Ellis Short is the new type of owner who bought the club for purely financial reasons and sees it as his own personal fiefdom. For me it is no longer possible to see it as “our club”.

    What Jermaine Defoe, Vito Mannone and others did for Bradley Lowery showed that there is still some humilty and compassion out there and almost made me forget the sleazier behaviour of those who get a thrill from using their wealth and power for an adult/adolescent fumble with an underage girl behind a Chinese takeaway in a former pit village.

    I feel I no longer wish to contribute to that culture and it’ll be non league for me until Short sells and we get new owners who show some passion for the club.

    Would I feel different if we were playing entertaining football and winning? More than likely (which makes me sound like a hypocrite) but I fear I will never find out.

  3. AJM6730 September 10, 2017 at 1:04 pm #

    Pete Sixsmith rightly identifies team selection and formation as the main cause of yesterday’s debacle and that is down to the manager.
    Yes, he can only select fit players who are on the club’s staff but the set-up yesterday was hopeless for a home game where fans are hoping their team will take the initiative.
    Too many players are simply not up to the task. Without wishing to destroy individuals who are simply trying to make their way, too many players are simply not good enough.
    The left back is obviously out of position and a liability. Honeyman is ineffective, Gooch is a stronger, more capable player at this level.
    There was zero impact up front, I can only remember one attempt in the first half and the goal in the 94th minute.
    At this stage in his career Vaughan looks exactly like where he came from – a burly, physical presence from the lower divisions but creating nothing.
    And yet we’re informed that we had a very successful transfer window. Depends on who you are hoping to compete with and your expectations of your club.
    If Ellis Short hopes to sell the club at some point the strategy seems very strange. It’s value must be spiralling downwards as rapidly as the league position.
    Losing paying customers seems a dangerous situation indeed.
    Finally, those who boo their own players while the game is in progress are a disgrace and should be ashamed of themselves. It’s simply the worst thing to do and they cannot consider themselves true supporters. Just get up and leave like the others who are losing the faith. Save your criticism for the pub or fans’ forums, the club will still get the message.

  4. Eric012 September 10, 2017 at 2:35 pm #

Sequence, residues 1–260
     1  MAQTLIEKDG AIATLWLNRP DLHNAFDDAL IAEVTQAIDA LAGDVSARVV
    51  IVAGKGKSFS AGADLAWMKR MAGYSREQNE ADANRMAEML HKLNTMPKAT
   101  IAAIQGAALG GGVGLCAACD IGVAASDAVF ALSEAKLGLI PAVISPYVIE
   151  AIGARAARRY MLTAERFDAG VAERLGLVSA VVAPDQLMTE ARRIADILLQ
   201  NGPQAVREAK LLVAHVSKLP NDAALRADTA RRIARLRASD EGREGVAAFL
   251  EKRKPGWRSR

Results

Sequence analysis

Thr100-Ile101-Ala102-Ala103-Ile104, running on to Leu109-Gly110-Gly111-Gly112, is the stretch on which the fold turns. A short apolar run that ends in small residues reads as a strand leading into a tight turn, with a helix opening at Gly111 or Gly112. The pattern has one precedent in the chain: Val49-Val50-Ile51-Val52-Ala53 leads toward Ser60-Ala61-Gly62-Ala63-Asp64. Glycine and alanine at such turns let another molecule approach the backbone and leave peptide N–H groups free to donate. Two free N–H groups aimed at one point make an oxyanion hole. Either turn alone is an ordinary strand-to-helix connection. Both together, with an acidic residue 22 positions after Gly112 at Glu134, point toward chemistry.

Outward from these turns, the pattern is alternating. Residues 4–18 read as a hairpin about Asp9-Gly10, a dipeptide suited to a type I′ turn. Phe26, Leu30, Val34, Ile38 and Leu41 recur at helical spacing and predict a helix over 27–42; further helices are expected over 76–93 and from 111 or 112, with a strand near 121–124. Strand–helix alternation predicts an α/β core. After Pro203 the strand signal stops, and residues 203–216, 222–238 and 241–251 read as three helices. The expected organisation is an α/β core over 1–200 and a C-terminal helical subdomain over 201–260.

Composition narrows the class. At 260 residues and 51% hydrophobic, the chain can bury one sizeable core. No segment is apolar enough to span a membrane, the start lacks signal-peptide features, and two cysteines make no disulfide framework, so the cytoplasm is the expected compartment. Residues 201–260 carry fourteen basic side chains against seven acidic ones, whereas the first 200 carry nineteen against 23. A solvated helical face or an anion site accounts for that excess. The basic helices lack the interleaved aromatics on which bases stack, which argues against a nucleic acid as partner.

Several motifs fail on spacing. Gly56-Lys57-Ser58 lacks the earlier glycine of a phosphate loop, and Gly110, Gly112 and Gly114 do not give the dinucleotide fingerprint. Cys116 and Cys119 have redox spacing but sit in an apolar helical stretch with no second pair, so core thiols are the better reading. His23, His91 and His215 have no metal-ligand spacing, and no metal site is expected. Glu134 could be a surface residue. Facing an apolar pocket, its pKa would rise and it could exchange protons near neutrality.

Can it get any worse? Probably. I am glad that I now reside a long way from the SOL and have a decent excuse not to attend. The sight of all those empty pink seats (get it sorted it looks terrible) really brings home the fact that our club is spiralling downhill faster than Franz Klammer (ask yer da) ever did. Clueless. Perhaps if they spent less time trying to flog tacky shirts with all that “heritage” bollocks and paid more attention to the playing side things might improve. But I doubt it.

    • malcolm September 10, 2017 at 4:17 pm #

      Heritage bollocks indeed. Marketing ploy in fact. They’ll be telling us next that the green kit was a nod to the hill farmers of Weardale, the pink and purple to the bishopric of Durham, that yellow one to represent the sparks that flew from the welding torches in the shipyards and the moulton glass at the glassworks, the solid red back of the home shirt, the colour of Consett snow and the white kit representing the flag we fly once we’ve gone a goal down.

      Then they’ll be telling us that the word gullible has been taken out of the OED!

      • Drummer September 10, 2017 at 4:33 pm #

        I might get just to have my surname ‘ Shortout ‘ printed on the back .

  5. Geoff Bethell September 10, 2017 at 7:03 pm #

    I’ve spent some of these last couple of weeks watching season videos of the Reid era.Therapeutic in the extreme.

  6. KenG September 10, 2017 at 7:49 pm #

    Of the last three defeats,all the opposition has needed to do is to play a simple passing game,show plenty of energy and take an early chance. That’s us finished and players start to hide and ambition is non-existent. To be fair I thought Williams worked well and didn’t give up despite having little support and McMamaman showed promise.
    As for being a supporter, I would not blame anyone for not going to the game or even for leaving early,but perhaps we need a new definition of ‘supporter’ because if it means being involved only when things are going well then probably 80% of my years watching Sunderland could have been put to different use. Clearly times are hard and images of McMenemy, Mick Buxton and the 19 and 15 point seasons loom large.We don’t need friends when life is easy but when times are tough.

  7. Ifos September 10, 2017 at 9:53 pm #